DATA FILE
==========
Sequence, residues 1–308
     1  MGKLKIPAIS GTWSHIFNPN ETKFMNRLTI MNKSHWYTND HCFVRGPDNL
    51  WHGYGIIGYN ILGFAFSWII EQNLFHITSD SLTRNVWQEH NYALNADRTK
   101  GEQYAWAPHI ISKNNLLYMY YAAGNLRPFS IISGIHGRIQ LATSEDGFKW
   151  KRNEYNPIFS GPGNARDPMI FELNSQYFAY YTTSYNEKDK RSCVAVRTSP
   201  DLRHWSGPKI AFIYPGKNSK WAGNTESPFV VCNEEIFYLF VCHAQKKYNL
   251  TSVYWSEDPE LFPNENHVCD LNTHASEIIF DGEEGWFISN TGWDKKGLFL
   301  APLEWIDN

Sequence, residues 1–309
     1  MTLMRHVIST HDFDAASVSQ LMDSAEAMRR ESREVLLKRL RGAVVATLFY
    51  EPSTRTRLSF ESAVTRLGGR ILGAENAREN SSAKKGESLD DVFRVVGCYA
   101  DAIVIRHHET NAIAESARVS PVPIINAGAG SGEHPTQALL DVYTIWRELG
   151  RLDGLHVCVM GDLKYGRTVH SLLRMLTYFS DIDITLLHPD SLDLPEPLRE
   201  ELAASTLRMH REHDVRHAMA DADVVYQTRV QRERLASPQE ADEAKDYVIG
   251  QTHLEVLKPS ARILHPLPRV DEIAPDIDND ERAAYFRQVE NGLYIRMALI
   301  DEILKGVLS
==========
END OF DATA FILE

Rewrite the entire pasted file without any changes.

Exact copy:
Sequence, residues 1–308
     1  MGKLKIPAIS GTWSHIFNPN ETKFMNRLTI MNKSHWYTND HCFVRGPDNL
    51  WHGYGIIGYN ILGFAFSWII EQNLFHITSD SLTRNVWQEH NYALNADRTK
   101  GEQYAWAPHI ISKNNLLYMY YAAGNLRPFS IISGIHGRIQ LATSEDGFKW
   151  KRNEYNPIFS GPGNARDPMI FELNSQYFAY YTTSYNEKDK RSCVAVRTSP
   201  DLRHWSGPKI AFIYPGKNSK WAGNTESPFV VCNEEIFYLF VCHAQKKYNL
   251  TSVYWSEDPE LFPNENHVCD LNTHASEIIF DGEEGWFISN TGWDKKGLFL
   301  APLEWIDN

Sequence, residues 1–309
     1  MTLMRHVIST HDFDAASVSQ LMDSAEAMRR ESREVLLKRL RGAVVATLFY
    51  EPSTRTRLSF ESAVTRLGGR ILGAENAREN SSAKKGESLD DVFRVVGCYA
   101  DAIVIRHHET NAIAESARVS PVPIINAGAG SGEHPTQALL DVYTIWRELG
   151  RLDGLHVCVM GDLKYGRTVH SLLRMLTYFS DIDITLLHPD SLDLPEPLRE
   201  ELAASTLRMH REHDVRHAMA DADVVYQTRV QRERLASPQE ADEAKDYVIG
   251  QTHLEVLKPS ARILHPLPRV DEIAPDIDND ERAAYFRQVE NGLYIRMALI
   301  DEILKGVLS